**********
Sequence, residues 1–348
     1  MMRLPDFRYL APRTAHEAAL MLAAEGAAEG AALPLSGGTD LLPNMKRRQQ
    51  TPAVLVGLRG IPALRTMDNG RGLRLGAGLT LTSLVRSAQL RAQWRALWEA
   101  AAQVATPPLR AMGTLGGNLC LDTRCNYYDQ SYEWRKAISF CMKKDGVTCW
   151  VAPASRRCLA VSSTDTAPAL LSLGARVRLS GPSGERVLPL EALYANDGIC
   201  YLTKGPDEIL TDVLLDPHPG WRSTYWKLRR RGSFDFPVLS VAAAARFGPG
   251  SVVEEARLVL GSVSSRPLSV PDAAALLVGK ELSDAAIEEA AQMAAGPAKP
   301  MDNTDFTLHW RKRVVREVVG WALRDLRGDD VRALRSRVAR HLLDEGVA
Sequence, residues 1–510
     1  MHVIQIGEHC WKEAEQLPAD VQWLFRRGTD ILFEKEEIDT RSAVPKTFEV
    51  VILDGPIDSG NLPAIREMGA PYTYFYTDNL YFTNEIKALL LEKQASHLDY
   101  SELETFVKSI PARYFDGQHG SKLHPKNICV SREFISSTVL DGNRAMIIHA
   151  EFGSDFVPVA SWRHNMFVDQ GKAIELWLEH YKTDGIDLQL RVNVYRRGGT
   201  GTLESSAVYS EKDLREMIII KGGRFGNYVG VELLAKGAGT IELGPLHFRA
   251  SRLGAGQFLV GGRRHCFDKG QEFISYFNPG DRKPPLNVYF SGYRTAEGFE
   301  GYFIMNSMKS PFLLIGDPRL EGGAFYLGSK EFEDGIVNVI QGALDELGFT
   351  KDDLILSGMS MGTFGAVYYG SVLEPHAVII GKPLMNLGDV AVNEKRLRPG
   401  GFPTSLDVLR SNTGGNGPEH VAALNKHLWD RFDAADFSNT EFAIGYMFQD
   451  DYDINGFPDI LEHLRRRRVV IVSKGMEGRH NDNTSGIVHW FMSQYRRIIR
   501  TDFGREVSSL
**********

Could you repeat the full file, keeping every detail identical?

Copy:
Sequence, residues 1–348
     1  MMRLPDFRYL APRTAHEAAL MLAAEGAAEG AALPLSGGTD LLPNMKRRQQ
    51  TPAVLVGLRG IPALRTMDNG RGLRLGAGLT LTSLVRSAQL RAQWRALWEA
   101  AAQVATPPLR AMGTLGGNLC LDTRCNYYDQ SYEWRKAISF CMKKDGVTCW
   151  VAPASRRCLA VSSTDTAPAL LSLGARVRLS GPSGERVLPL EALYANDGIC
   201  YLTKGPDEIL TDVLLDPHPG WRSTYWKLRR RGSFDFPVLS VAAAARFGPG
   251  SVVEEARLVL GSVSSRPLSV PDAAALLVGK ELSDAAIEEA AQMAAGPAKP
   301  MDNTDFTLHW RKRVVREVVG WALRDLRGDD VRALRSRVAR HLLDEGVA
Sequence, residues 1–510
     1  MHVIQIGEHC WKEAEQLPAD VQWLFRRGTD ILFEKEEIDT RSAVPKTFEV
    51  VILDGPIDSG NLPAIREMGA PYTYFYTDNL YFTNEIKALL LEKQASHLDY
   101  SELETFVKSI PARYFDGQHG SKLHPKNICV SREFISSTVL DGNRAMIIHA
   151  EFGSDFVPVA SWRHNMFVDQ GKAIELWLEH YKTDGIDLQL RVNVYRRGGT
   201  GTLESSAVYS EKDLREMIII KGGRFGNYVG VELLAKGAGT IELGPLHFRA
   251  SRLGAGQFLV GGRRHCFDKG QEFISYFNPG DRKPPLNVYF SGYRTAEGFE
   301  GYFIMNSMKS PFLLIGDPRL EGGAFYLGSK EFEDGIVNVI QGALDELGFT
   351  KDDLILSGMS MGTFGAVYYG SVLEPHAVII GKPLMNLGDV AVNEKRLRPG
   401  GFPTSLDVLR SNTGGNGPEH VAALNKHLWD RFDAADFSNT EFAIGYMFQD
   451  DYDINGFPDI LEHLRRRRVV IVSKGMEGRH NDNTSGIVHW FMSQYRRIIR
   501  TDFGREVSSL